“For decades, Mr. Doctorow has been a first–rate artist in the short form... As the assessments of [Doctorow's] long career commence, it is clear that he has been, like his characters, a man apart from his contemporaries. The stories of All the Time in the World do not seem to belong to any school or style but to emanate from his own solitary visions.”
—The Wall Street Journal
“Virtuoso Doctorow is revered for his grandly dimensional novels, but he is also a superlative and transfixing short–story writer. The incandescent new stories and forever stunning vintage tales... that Doctorow selected for this powerhouse collection portray psychological outliers on the edge of either liberation or an abyss. Doctorow is rightfully treasured for his social acuity and fluency in urban life, but he is also a penetrating observer of nature and our concealed primal selves... Doctorow’s complex and masterful tales of the strangeness, pain, and beauty of life are wise and resplendent.”
“Wonderful descriptions... gorgeous sentences... seem to fall effortlessly from Doctorow’s fingertips... Doctorow’s stories generally come back to the melancholy reality of imminent doom–yet they are rarely dreary and can be, in fact, quite funny. His characters, trapped as they are, manage to make a ragged music by rattling their chains.”
“Stories [that] hum with resonance and vitality... distinctive, sharply focused, glistening with crisp language... Wherever they take place, these memorable stories reflect a novelist’s intimate understanding of human frailty and penchant for delusion... Savor All the Time in the World for its elegance, its intuition and for Doctorow’s understanding of the complexity of the human drama.”
—The Miami Herald
“As prolific as he is protean, E.L. Doctorow regularly serves up new observations on peculiarly American characters... Doctorow seems telepathic in his ability to channel... men and women from a wide range of eras, landscapes, ethnicities. This virtuosity is one reason he’s such a revered writer... as ever, Doctorow has captured the mood of our time and rendered it in compelling fiction.”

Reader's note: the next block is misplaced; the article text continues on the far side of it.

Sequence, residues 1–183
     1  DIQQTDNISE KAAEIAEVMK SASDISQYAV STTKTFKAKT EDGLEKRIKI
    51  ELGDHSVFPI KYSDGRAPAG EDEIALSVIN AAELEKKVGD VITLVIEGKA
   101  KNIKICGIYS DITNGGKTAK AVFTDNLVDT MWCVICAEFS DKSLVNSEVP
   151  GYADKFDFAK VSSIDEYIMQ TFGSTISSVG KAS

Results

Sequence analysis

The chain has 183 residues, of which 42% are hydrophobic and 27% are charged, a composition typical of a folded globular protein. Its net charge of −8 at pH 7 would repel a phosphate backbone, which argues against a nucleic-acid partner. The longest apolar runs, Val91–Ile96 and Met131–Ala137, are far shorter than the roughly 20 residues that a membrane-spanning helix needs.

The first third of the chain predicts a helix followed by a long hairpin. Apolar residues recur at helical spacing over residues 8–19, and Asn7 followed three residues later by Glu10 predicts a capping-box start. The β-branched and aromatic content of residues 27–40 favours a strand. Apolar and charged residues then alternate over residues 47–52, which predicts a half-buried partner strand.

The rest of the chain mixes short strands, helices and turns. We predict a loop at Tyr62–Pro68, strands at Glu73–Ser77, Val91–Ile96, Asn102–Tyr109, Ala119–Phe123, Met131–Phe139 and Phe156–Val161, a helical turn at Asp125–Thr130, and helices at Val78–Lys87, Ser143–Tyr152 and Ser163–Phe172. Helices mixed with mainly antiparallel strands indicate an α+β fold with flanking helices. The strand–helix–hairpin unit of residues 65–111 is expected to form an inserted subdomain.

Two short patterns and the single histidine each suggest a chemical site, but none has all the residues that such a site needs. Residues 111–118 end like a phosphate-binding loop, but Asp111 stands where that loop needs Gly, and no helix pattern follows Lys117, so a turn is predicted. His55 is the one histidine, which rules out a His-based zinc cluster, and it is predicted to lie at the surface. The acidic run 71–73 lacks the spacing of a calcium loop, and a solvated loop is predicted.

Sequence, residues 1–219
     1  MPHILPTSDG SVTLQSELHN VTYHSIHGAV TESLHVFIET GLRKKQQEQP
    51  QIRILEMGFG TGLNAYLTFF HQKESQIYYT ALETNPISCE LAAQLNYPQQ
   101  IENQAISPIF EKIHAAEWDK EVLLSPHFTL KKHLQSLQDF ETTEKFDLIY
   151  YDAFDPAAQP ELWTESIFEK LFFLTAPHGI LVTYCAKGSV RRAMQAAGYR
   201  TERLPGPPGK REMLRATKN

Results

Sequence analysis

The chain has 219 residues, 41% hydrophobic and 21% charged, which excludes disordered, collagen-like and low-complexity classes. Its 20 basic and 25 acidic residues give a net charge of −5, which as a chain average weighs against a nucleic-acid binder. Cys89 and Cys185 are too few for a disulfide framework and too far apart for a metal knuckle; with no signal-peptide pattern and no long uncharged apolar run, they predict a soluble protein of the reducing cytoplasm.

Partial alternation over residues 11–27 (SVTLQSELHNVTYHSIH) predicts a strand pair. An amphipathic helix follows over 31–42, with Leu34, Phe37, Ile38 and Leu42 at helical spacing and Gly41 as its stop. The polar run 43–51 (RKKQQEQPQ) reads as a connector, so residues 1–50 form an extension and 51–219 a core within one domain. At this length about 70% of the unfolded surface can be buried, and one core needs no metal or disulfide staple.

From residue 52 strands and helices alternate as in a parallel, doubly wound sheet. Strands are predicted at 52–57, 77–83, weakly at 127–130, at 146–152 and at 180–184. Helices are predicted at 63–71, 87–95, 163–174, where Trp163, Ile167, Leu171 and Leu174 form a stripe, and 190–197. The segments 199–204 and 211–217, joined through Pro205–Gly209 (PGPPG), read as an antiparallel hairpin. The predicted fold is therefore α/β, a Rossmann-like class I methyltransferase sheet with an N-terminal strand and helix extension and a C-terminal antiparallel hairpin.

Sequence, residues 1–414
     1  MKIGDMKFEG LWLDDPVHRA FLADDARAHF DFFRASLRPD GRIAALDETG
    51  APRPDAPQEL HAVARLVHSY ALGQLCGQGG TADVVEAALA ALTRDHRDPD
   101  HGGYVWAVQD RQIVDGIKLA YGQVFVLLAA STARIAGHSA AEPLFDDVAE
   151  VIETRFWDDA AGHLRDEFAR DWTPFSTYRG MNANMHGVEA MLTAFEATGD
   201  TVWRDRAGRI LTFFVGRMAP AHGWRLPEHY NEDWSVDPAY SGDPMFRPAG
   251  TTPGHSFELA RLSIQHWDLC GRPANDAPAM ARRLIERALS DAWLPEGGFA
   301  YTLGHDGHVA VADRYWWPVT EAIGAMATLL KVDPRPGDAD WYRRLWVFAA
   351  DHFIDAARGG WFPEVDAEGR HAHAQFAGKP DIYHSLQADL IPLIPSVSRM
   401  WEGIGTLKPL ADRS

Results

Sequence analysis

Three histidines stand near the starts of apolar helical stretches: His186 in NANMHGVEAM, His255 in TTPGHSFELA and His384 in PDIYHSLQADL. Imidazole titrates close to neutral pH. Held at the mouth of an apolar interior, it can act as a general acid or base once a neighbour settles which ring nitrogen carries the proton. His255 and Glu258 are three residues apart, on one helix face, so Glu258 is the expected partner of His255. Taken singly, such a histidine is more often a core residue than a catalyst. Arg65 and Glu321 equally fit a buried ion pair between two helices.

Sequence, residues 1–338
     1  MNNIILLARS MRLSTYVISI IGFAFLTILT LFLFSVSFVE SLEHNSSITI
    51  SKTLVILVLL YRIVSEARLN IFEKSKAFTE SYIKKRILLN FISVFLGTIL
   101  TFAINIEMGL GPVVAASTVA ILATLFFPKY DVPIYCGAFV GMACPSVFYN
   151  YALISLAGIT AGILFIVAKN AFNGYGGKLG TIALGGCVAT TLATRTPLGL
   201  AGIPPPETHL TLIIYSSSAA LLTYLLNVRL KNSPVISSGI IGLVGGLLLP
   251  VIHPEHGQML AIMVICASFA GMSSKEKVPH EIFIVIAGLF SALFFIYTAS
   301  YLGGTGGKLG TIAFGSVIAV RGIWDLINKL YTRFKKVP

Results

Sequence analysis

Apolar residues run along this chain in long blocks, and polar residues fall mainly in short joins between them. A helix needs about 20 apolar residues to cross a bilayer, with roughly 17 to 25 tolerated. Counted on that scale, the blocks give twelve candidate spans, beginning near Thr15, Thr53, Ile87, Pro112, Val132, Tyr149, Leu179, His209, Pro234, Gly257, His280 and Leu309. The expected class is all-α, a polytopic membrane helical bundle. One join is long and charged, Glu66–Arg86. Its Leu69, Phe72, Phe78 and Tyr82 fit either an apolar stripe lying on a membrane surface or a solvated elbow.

—The Philadelphia Inquirer
“All the Time in the World serves as a handy index to the great man’s themes... His writing has always had an almost European sense of world–historical sobriety, conveying something fatalistic and weighty and dark–toned... Doctorow passes the same gift along to the reader, with the same careful density and emotional heft.”
—The Washington Post
From All The Time In The World
People will say that I left my wife and I suppose, as a factual matter, I did, but where was the intentionality? I had no thought of deserting her. It was a series of odd circumstances that put me in the garage attic with all the junk furniture and the raccoon droppings–which is how I began to leave her, all unknowing, of course– whereas I could have walked in the door as I had done every evening after work in the fourteen years and two children of our marriage. Diana would think of her last sight of me, that same morning, when she pulled up to the station and slammed on the brakes, and I got out of the car and, before closing the door, leaned in with a cryptic smile to say good–bye–she would think that I had left her from that moment. In fact, I was ready to let bygones be bygones and, in another fact, I came home the very same evening with every expectation of entering the house that I, we, had bought for the raising of our children. And, to be absolutely honest, I remember I was feeling that kind of blood stir you get in anticipation of sex, because marital arguments had that effect on me.
Excerpted from All The Time In The World by E. L. Doctorow Copyright © 2012 by E.L. Doctorow. Excerpted by permission of Random House, a division of Random House, Inc. All rights reserved. No part of this excerpt may be reproduced or reprinted without permission in writing from the publisher.